The Supreme Court on Thursday wrapped up a case regarding the 2011 Memogate scandal, saying it is the responsibility of the state to arrest and try former Pakistani ambassador to the United States Hussain Haqqani if it so wishes.
Chief Justice Asif Saeed Khosa, who was heading a three-member bench, observed during the hearing that the Memogate Commission had issued its report on the matter in 2012 and a case was registered in light of it against Haqqani, the central character of the ‘scandal’.
Timeline: From NRO to Memogate
At the outset of the hearing, the chief justice inquired about the presence of the petitioners in the case, commenting that if the petitioners are not interested in appearing for the hearing, then “why should we waste our time?” He also noted that the Memogate case had been pending for the last eight years.
The additional attorney general informed the bench that the record of the case involved some information of a “sensitive nature”. At this, Justice Khosa remarked that he had been “quite surprised” after examining the facts of the case.
“Are the state of Pakistan, armed forces and our Constitution so weak that they can be frightened by a memo?” the top judge asked. Answering the query for himself, he said Pakistan was not so fragile a country that it could be rattled by the writing of a memo.
He noted that a first information report (FIR) had been registered in light of the Memogate Commission’s report.
Justice Khosa remarked that the extradition of Haqqani was a “secondary” concern, and that the actual issue was the memorandum that had been written to the US government.
“Neither is that [PPP] government is in power nor is Hussain Haqqani the ambassador [to the US],” the chief justice noted, adding that it was a “separate matter” if the former envoy decided not to return to the country.
The judge said it was the state’s responsibility to arrest Haqqani and conduct his trial. “The state can act [against the persons involved] if it wants; the Supreme Court has nothing to do with this matter [now],” he added.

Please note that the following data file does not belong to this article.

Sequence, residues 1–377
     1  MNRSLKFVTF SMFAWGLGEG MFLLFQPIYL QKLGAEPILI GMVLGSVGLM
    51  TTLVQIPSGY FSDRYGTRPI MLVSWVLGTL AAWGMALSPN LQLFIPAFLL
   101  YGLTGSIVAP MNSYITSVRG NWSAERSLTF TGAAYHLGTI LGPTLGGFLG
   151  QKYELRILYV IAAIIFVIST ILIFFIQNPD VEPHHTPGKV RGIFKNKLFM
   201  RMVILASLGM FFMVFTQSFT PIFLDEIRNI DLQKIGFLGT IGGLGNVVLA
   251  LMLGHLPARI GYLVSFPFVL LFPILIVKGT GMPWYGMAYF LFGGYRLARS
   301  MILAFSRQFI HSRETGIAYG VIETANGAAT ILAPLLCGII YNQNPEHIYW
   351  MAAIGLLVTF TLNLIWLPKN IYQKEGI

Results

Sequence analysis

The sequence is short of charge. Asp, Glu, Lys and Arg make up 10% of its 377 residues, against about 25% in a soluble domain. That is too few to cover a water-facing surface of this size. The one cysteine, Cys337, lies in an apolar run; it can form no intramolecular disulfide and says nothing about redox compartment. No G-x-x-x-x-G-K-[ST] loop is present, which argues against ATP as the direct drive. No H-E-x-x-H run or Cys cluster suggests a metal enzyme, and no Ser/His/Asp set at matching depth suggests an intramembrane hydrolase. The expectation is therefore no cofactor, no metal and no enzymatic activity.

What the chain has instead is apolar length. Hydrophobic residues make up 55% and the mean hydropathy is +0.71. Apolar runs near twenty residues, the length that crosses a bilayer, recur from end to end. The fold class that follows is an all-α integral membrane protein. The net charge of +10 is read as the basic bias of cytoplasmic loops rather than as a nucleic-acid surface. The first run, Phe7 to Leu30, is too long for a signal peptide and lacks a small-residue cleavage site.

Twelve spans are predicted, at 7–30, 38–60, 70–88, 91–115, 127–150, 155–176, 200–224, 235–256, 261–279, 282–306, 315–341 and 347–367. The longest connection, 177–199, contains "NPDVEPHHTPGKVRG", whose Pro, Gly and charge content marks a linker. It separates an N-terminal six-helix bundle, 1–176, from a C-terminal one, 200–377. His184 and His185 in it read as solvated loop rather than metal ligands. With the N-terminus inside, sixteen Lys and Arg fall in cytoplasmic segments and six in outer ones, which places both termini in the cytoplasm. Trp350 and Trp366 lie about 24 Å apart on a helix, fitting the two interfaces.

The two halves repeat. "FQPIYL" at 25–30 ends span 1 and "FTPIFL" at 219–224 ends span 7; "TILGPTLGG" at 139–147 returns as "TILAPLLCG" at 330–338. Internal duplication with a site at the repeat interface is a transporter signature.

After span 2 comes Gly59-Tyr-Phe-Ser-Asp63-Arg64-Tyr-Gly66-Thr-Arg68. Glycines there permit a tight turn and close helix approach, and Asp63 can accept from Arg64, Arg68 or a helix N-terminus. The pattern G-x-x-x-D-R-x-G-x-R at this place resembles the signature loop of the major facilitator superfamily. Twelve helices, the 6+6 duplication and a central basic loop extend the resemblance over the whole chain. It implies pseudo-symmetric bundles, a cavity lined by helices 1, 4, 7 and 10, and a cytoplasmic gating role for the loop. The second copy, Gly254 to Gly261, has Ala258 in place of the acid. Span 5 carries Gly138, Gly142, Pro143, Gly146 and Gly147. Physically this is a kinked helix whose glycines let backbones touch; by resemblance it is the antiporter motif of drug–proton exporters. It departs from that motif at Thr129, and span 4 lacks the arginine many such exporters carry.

The apex court subsequently wrapped up the proceedings of the Memogate case, throwing the ball in the government’s court to decide on the matter.
On February 1, 2018, the SC had constituted a three-member bench to resume hearing the controversial Memogate case involving the former ambassador to the US.
The case, first taken to the apex court in 2011 by the then opposition leader Nawaz Sharif, had forced Haqqani’s resignation.
At the last hearing in August 2018, the SC had ordered the National Accountability Bureau (NAB) to use its channels for Haqqani’s extradition.
The memo in question, delivered to a high-ranking American official allegedly at Haqqani’s behest in May 2011, had exposed serious rifts between the PPP government and the army after a US-based businessman Mansoor Ijaz brought it to light.
It was delivered to the then US military chief, Admiral Mike Mullen, and asked for help for the civilian government against the military because of the domestic turmoil triggered by the US raid that had killed Al Qaeda founder Osama bin Laden.
Haqqani, however, had denied having anything to do with the memo.
In 2012, a judicial commission headed by Justice Qazi Faez Isa, which was tasked with probing the matter, had submitted its report to the apex court, holding Haqqani guilty of authoring the controversial memorandum and adding that the former US envoy “was not loyal to the country”.